So I’ve talked a lot about “giving into” cravings as a good thing. Because it is! It shows your body that you are listening to it and respect its desires. I believe your body is an extension of yourself, which means that your highest version of yourself is listening and paying attention when you treat s/he the way s/he wants.
As you read this, you are probably thinking about how we might all be fat if we sat around and gave into every craving we ever had. And TO AN EXTENT, I might agree with you . But hear me out. Are the “cravings” you are listening to your true cravings?
I am getting a bit ahead of myself, but cravings are such a loaded topic. They mean different things to different people. Usually people are afraid to “give into” cravings because they may not trust themselves. Or they think they “shouldn’t”. Or they “know better”. Or because it goes against what everyone around them is doing. And I have been there in the past. It is important to note your mentality around cravings…I truly believe that our mindset around restriction is an important reflection on how we take care of ourselves. And most of all, we need to be listening to the true cravings from ourselves.
I find that there are a lot of fears around cravings. These often include:
- “But Lucy, I am not healthy for eating [xyz]!” Okay, my friend, almost all foods can fit into a healthy diet. Take a look at your whole diet. If you are consistently eating foods that make you feel good and align with your body, having a treat once in a while (i.e. when you have your craving) is only going to help. Mental health is just as real and relevant and has much more of an effect on our bodies than we realize. Just eat the dang fries. And burger. Give yourself the permission to enjoy the experience without guilt or shame.
- “Once I start, I will never stop” The second you start telling yourself you can’t have something is the second it starts to cast a spell on you. You know the feeling. It happens for food and non-food things alike. So don’t tell yourself no. BUT also make sure you say yes to the thing that will serve you, that you DO want. Like I that one time I really wanted a cookie, but I also wanted less-acidic foods, so I made sure to order a salad with lots of veggies. The cookie would taste awesome (okay for the record, that salad was delicious also because of local veggies!), and the salad helped me not get a cold.
- “This will make me feel bad” Then how can we work with it? If you know something is going to make you feel bad, is there a way to satisfy your craving with something that will either make you not hate yourself afterward? Or will you be satisfied with a smaller portion. Or is today the day you just go for it with gusto and NOT judge yourself?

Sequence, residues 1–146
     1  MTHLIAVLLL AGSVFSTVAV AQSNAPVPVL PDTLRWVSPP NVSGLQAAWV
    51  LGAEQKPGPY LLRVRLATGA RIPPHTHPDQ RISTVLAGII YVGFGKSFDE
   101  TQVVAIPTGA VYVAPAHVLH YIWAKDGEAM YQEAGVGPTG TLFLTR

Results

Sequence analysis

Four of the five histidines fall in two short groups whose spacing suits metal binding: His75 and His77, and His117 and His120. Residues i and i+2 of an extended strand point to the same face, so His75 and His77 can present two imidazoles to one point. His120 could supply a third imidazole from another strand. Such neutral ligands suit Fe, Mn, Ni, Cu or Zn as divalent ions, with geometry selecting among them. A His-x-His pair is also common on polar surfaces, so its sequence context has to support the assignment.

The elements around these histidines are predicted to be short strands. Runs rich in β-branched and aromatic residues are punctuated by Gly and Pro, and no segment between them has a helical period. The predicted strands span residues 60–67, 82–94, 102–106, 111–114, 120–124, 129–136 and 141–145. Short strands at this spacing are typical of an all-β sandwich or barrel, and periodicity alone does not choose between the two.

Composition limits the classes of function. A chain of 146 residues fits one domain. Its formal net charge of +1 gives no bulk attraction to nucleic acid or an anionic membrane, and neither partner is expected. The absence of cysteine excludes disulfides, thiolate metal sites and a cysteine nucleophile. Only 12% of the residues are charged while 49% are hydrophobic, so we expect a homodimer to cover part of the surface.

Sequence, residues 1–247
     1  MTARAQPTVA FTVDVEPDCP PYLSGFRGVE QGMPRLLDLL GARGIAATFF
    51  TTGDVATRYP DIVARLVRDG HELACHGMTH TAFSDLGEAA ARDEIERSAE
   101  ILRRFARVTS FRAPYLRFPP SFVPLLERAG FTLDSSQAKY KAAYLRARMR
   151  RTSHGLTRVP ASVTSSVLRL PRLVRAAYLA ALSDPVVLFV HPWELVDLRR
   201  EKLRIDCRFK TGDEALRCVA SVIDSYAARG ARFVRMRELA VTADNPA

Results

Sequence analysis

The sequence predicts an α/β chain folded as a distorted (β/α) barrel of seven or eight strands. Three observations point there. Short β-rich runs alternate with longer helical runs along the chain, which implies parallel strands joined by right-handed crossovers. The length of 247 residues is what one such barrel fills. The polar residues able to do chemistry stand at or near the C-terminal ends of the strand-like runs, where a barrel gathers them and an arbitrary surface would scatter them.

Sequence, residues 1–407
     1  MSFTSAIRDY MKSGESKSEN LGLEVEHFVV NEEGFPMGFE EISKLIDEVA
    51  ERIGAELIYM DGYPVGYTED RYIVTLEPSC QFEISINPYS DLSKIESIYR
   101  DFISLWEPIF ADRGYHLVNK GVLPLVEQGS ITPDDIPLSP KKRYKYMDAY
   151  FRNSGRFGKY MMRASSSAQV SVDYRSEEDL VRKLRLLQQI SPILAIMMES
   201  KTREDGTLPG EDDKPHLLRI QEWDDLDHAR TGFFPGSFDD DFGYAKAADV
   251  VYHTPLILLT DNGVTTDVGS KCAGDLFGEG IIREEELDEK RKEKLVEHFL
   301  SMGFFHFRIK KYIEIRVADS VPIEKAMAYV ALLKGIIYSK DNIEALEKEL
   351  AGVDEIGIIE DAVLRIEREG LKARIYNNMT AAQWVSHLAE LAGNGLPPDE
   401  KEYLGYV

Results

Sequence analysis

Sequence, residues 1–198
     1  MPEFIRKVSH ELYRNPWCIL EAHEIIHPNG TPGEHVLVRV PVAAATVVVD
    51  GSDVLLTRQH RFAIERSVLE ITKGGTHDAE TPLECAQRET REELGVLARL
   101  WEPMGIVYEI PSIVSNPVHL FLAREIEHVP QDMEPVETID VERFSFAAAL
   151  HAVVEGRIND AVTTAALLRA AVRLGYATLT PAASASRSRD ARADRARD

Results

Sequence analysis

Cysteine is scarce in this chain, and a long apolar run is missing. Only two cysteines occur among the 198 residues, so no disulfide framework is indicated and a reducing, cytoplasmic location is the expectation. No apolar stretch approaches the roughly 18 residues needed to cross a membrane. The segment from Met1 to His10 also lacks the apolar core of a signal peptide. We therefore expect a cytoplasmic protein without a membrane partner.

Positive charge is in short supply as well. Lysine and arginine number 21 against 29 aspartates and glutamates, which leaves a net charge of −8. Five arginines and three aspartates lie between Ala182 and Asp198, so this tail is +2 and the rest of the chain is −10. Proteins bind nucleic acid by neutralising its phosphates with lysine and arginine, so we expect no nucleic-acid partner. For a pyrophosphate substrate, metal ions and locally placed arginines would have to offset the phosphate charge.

- “I will be judged for eating/not eating this” Let me just say, f*ck what anybody thinks! You are the one living in your body. You are the one who knows you best, and listening to yourself despite what is going on around you is one of the most powerful actions. But do not forget the most important question with this fear: are you judging yourself? Sometimes we think other people are judging us, when it is really originating in our own head.
I am not making a case to tell people to not eat healthy, because feeling good is the real goal here. And healthy food typically plays a major role in feeling good. The point, particularly with cravings you may think are “bad”, is to not beat yourself up about not being perfect. And who said cravings mean eating unhealthily? They aren’t always for foods, drinks, behaviors that make us feel bad. Sometimes we just listen to the ones that we think of as negative because they typically are easier to hear and/or are easier to act on.
What about the desires–the cravings–you experience for the things that ultimately serve you?
You have probably had cravings to rest, take care of yourself, eat salad, green smoothie, or fruit, or that UNsweetened thing. You have probably had a craving for something different than your friends are eating. I often have cravings for going to sleep early and to workout. Most people would argue those behaviors are quite healthy, but we don’t sit around stressing about these types of cravings. They just may be harder to listen to because they take a bit more work than reaching for the
We humans are just so amazing at hyper focusing in the negative that we only see “bad” cravings. But instead of saying any craving is “good” or “bad”, just say that IT IS. When you take away the qualifier that makes it a subjective thing, you take away the judgement.
And let’s be clear, the key is to listen to your true cravings.
When talking about that desire for a food…take a second to observe what is going on. Are you truly craving personal connection? Are you looking for something to calm your nerves? Are you simply bored and looking for excitement? Don’t judge yourself! Simply ask yourself “why” more than 3 times and see what comes up. Then decide if you want that craving. Whether you do or not, make sure to serve yourself by honoring your true, deeper craving as well.
Lots of love.